Tullow’s partner begins drilling 2nd well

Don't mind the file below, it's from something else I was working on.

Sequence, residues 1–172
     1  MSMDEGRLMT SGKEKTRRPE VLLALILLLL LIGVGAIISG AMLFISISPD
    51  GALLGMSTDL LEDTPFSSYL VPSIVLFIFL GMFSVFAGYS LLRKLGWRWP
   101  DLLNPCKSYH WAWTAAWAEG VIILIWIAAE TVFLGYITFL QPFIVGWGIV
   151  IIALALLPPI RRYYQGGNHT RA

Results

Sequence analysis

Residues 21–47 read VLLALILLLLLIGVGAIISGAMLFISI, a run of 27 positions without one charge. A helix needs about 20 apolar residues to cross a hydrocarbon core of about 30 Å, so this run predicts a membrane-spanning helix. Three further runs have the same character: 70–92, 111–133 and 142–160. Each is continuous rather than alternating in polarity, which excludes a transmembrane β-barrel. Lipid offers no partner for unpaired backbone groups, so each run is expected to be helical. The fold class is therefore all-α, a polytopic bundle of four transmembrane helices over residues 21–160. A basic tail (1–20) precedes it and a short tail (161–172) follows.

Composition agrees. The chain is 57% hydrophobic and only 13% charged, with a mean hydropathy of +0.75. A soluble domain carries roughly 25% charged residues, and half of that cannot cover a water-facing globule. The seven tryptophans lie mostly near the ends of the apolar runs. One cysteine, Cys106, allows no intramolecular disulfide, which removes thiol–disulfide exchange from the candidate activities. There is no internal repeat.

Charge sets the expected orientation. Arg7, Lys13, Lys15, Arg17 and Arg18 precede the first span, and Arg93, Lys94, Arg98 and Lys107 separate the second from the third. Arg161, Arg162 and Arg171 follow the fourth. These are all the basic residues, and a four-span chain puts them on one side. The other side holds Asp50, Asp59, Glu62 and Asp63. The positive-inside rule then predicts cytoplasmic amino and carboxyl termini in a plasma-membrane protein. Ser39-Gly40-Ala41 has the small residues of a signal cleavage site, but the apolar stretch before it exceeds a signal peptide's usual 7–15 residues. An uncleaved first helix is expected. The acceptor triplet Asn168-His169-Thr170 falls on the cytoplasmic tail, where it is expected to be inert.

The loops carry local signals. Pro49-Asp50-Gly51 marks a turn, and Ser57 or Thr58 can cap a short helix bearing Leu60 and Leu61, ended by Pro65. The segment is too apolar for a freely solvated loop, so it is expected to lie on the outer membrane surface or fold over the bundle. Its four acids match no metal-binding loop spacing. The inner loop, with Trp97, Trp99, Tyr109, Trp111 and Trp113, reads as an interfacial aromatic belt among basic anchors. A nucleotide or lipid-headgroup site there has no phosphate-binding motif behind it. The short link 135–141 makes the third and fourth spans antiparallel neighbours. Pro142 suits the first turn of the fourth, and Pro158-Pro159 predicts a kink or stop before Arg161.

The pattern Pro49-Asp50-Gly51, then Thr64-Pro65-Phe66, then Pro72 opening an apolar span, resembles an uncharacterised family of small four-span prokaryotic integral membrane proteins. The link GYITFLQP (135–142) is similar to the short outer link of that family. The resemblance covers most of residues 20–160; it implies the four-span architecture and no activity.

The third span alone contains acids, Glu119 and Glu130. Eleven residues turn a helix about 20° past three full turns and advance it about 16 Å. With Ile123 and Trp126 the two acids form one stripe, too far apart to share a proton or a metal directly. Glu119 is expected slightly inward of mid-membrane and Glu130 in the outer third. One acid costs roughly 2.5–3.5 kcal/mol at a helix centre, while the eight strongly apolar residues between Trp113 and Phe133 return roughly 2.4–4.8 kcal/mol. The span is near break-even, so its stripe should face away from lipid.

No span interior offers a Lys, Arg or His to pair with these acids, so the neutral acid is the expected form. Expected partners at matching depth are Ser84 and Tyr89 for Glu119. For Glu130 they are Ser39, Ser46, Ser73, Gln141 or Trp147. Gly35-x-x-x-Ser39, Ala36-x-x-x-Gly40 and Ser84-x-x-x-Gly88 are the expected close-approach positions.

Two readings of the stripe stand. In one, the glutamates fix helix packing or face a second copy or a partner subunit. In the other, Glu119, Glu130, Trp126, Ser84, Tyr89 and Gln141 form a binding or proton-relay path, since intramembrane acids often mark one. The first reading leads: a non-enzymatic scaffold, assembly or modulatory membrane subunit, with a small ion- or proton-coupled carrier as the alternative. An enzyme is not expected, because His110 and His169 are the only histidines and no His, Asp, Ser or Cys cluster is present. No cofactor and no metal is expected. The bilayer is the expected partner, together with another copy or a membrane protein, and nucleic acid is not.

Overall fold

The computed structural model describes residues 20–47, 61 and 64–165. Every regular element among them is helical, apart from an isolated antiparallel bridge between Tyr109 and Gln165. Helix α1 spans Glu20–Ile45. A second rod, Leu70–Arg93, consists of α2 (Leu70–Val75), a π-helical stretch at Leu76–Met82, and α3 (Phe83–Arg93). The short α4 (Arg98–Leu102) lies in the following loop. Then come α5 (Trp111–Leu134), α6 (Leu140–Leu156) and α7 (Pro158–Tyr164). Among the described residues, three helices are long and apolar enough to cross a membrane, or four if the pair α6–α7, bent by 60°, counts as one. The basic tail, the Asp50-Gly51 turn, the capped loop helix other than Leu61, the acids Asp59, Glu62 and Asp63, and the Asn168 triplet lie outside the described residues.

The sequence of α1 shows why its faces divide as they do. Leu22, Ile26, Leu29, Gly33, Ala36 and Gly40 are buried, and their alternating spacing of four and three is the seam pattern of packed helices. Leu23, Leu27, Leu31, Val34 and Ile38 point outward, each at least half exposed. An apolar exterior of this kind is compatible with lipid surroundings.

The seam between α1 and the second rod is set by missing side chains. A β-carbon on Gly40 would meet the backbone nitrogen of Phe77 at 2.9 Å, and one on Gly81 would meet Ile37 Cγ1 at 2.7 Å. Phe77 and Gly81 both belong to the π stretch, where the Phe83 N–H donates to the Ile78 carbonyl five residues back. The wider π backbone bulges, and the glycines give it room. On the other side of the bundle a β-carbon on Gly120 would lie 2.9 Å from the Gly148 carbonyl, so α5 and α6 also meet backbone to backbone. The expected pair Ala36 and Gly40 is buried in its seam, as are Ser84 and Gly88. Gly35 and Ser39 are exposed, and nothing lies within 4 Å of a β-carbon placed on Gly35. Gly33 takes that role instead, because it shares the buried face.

first_imgThe Stena Forth drill ship is drilling Eco’s well…as race for oil in Orinduik block heats upEco Atlantic Oil and Gas, the partner of the oil company that recently found oil in the Orinduik block, has begun drilling a well of its own using the same drill ship that brought British-owned Tullow its first oil find in Guyana.According to a release from the company on Tuesday, drilling on the Joe-1 well began on Sunday using the Stena Forth drill ship. Eco Atlantic further explained that it will take approximately three weeks to drill this well.The well itself is located in approximately 700 metres of water. Estimates by international natural resource consultants Gustavson Associates state that it might hold 148 millions of barrels of oil.In a statement, Chief Operating Officer of Eco Atlantic, Colin Kinley, expressed pleasure at the commencement of the operation. According to Kinley, a further discovery will go a great way in de-risking the rest of the basin.“We are very pleased to have spudded on Sunday our second exploration well on Orinduik. After the discovery made on Jethro in the Lower Tertiary, which greatly de-risked that age section throughout the block, we are now moving to an Upper Tertiary target in the Joe prospect where we are targeting over 100mmboe. If a further discovery is made, it will further enhance the value of the block with this shallower play”.“The estimated chance of success for Joe is the same as Jethro, although it is a completely different play, and we are confident in our 3D interpretation as we were ahead of the Jethro-1 discovery. We look forward to continued success in our exploration efforts as we move forward to define the plays available to us in all the various geological ages and to develop this block,” Kinley was quoted as saying.“Joe”Joe is the second of Eco’s two-well drill programme in Guyana for this year. The company also has plans and funding for a further six potential explorations, appraisal or development wells on the Orinduik Block.Eco Atlantic had previously announced that drilling on the Joe prospect will begin in mid-July of this year. They had announced that the Stena Forth drillship will move directly to the Joe after it had finished drilling the Jethro Lobe Well in the Orinduik Block.It has been reported that the Joe will cost Eco approximately US$3 million to drill. A recently published report from Gustavson Associates has estimated that the well has a 43.2 per cent chance of success.The Orinduik oil block is just a few kilometres from Exxon’s discoveries in the Liza and Payara fields. It is under the administration of Eco Guyana and Tullow, who signed a 10-year Petroleum Prospecting licence and Production Sharing Agreement with Guyana in 2016. Total E and P Activities Petrolieres entered the fray in 2017, partnering with Eco with the option to get a 25 per cent share in the Block. It exercised that option last year.Recently, the spotlight has been on Tullow after it discovered oil in commercial quantities at the Jethro-1 exploration well in the Orinduik Block. This was the first discovery in the Orinduik Block.The Jethro-1 well was drilled by the Stena Forth drillship to a total depth of 4400 metres in approximately 1350 metres of water. According to a statement from the company, evaluation of the logging data confirmed that Jethro-1 comprises high-quality oil-bearing sandstone reservoirs of Lower Tertiary age, which simply means they date back to millions of years ago.According to the statement, the well encountered 55M of net oil pay, which indicates a recoverable oil resource estimate that exceeds Tullow’s pre-drill forecast of 100 million barrels of oil.News of the find created waves in financial centres around the world, as well as international news outlets. That very day, August 12, Tullow’s shares jumped by over 19 per cent on the London Stock Exchange to become the biggest gainer on the index.The Stena Forth drill ship is drilling Eco’s welllast_img read more